On 14 July, when the Minister announced to the House, for the fourth time, the lifting of the export ban, it did not occur to me, or to anyone on this side of the House, that he had not taken the trouble to check with the French, who he should have been aware—because they abstained at the November 1998 Agriculture Council when the matter was discussed—had some doubts. It did not occur to me to think that the Minister had not picked up the phone to check with his opposite number before making a statement—on the record, in this House and for the fourth time—that the beef export ban was being lifted. That was an act of gross incompetence, which was compounded this morning by his attempt to blame us for not asking him to do what any remotely competent Minister—even a Minister in this Government—would have done without any reminder from the Opposition.

Does not the Minister recognise that every day that Labour maintains the absurd and unjustified ban on beef on the bone—in defiance of the advice that Labour has received from the chief medical officer that it is safe for consumers—makes it harder for the process of rebuilding confidence in British beef to begin? Does he believe that leaving all this to some legal action by the European Commission—a process that may take months, if not years—is in any way an adequate response to the crisis now overwhelming the British beef sector?

Mr. Brown

I note that no practical alternative remedy is being offered by the hon. Gentleman—unless, of course, he is implying that we should return to the policies pursued by the previous Conservative Government, which left our country isolated in Europe and everyone else ganging up against us. The position now is that the Commission is on our side, 13 of the 15 countries have implemented the decision and the 14th is implementing it. It is the French who are isolated within Europe.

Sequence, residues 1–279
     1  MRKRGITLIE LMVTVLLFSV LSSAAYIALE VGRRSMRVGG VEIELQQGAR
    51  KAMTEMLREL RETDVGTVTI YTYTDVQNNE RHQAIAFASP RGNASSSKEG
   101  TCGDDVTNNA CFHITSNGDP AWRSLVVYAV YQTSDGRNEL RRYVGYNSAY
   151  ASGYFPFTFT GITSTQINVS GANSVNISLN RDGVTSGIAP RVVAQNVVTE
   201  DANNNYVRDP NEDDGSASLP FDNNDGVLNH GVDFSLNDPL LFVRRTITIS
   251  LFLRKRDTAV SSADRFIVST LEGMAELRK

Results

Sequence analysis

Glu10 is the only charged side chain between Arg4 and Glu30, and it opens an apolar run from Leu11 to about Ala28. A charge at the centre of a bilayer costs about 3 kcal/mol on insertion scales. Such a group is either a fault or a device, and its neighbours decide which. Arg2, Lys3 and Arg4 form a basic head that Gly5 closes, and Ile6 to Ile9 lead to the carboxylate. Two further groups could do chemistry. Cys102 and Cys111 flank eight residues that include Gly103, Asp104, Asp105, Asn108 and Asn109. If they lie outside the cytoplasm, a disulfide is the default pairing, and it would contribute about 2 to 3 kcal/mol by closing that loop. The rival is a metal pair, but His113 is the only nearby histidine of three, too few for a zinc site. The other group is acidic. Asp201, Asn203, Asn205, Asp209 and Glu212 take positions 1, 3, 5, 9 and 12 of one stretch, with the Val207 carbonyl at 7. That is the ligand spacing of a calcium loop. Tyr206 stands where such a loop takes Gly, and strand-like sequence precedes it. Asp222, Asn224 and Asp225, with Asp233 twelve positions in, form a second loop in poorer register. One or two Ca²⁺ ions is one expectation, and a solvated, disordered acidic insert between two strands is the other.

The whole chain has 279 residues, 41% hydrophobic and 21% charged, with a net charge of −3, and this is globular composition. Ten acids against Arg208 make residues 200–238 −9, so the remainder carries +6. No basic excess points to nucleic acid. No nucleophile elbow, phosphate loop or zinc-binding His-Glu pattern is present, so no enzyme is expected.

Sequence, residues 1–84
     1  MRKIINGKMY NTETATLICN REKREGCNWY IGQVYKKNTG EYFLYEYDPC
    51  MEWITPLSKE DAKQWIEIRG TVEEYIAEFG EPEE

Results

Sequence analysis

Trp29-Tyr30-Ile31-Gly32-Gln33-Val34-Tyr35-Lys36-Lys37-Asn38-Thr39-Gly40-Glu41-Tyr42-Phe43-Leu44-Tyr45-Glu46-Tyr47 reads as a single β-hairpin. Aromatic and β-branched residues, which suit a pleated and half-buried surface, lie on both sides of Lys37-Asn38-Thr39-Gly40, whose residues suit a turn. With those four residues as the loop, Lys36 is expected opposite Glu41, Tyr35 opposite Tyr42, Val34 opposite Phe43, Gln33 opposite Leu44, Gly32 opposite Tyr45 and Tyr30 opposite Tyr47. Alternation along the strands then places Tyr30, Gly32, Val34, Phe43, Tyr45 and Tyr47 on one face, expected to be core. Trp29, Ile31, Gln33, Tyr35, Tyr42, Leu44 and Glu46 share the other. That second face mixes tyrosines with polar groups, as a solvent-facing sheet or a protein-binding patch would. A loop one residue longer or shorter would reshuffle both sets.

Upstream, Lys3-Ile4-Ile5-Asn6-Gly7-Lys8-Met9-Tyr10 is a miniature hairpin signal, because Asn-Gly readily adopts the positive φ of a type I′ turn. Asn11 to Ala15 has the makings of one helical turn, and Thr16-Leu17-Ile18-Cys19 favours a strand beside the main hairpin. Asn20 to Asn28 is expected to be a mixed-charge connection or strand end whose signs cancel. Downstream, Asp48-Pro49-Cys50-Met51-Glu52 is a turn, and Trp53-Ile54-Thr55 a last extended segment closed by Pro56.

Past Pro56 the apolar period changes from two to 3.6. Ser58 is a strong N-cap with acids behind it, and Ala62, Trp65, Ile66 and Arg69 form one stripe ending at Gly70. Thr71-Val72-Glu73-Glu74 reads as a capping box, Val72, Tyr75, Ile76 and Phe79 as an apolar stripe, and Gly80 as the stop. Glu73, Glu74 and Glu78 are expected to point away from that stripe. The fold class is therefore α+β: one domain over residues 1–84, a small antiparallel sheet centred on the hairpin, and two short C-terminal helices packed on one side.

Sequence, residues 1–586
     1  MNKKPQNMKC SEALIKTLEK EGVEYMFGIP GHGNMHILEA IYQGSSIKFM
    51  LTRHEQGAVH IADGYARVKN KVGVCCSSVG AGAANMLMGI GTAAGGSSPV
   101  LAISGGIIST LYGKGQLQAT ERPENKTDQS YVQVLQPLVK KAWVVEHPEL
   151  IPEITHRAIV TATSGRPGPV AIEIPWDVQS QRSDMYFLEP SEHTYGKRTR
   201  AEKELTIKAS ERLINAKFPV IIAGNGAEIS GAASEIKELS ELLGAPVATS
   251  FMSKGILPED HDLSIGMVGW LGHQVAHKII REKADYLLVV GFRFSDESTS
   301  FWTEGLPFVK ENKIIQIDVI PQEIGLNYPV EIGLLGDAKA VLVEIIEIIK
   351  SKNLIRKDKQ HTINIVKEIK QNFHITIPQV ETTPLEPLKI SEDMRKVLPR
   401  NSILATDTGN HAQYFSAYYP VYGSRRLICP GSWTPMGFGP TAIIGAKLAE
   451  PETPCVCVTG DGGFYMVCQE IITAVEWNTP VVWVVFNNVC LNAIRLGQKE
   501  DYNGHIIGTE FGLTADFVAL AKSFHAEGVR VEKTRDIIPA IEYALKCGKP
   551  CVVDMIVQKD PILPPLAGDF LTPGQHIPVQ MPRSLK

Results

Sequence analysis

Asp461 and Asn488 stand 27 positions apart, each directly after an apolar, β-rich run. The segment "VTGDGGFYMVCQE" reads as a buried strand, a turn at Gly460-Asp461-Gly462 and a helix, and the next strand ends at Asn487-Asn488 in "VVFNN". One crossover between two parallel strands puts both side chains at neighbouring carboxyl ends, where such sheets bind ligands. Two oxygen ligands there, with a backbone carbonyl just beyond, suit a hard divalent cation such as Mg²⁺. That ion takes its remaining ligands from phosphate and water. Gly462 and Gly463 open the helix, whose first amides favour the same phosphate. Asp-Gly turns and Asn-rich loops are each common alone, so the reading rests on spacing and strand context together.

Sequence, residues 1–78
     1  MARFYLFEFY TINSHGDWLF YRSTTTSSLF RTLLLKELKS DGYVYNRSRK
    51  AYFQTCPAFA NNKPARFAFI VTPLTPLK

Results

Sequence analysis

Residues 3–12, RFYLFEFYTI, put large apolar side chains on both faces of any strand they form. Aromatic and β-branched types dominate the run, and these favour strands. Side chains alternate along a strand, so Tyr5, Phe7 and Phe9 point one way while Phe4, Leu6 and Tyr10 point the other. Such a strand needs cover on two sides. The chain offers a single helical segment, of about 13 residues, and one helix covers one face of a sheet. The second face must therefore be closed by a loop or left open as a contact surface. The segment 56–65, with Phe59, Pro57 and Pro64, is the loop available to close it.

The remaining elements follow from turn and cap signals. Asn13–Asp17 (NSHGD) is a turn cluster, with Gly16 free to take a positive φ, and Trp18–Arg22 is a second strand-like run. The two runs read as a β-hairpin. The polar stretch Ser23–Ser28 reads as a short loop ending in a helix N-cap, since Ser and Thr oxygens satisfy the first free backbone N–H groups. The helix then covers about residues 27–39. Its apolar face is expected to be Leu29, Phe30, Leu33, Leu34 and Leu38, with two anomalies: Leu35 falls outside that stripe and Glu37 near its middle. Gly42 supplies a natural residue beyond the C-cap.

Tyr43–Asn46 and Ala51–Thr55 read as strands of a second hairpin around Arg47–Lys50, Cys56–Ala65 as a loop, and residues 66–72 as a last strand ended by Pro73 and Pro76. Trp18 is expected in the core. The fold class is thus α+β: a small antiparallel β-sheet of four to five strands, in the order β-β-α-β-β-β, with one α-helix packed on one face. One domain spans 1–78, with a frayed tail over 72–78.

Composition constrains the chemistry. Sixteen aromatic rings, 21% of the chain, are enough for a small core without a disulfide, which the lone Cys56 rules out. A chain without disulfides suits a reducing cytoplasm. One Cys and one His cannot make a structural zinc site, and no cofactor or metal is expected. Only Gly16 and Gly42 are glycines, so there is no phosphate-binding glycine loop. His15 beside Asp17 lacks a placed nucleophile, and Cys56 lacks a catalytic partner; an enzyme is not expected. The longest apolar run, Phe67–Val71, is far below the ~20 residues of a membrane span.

It is simply untrue that we did not check the French position. There were comprehensive discussions with the French before the decision was made at the November Council of Ministers, and the French stated that their position was one of acquiescence and abstention. I—and, indeed, the hon. Gentleman—had no reason to believe that that would not endure. I should have thought that the whole House could make common cause on this issue, yet I get no support from those on the Conservative Front Bench at a time when British farmers are looking to us to unite and to act.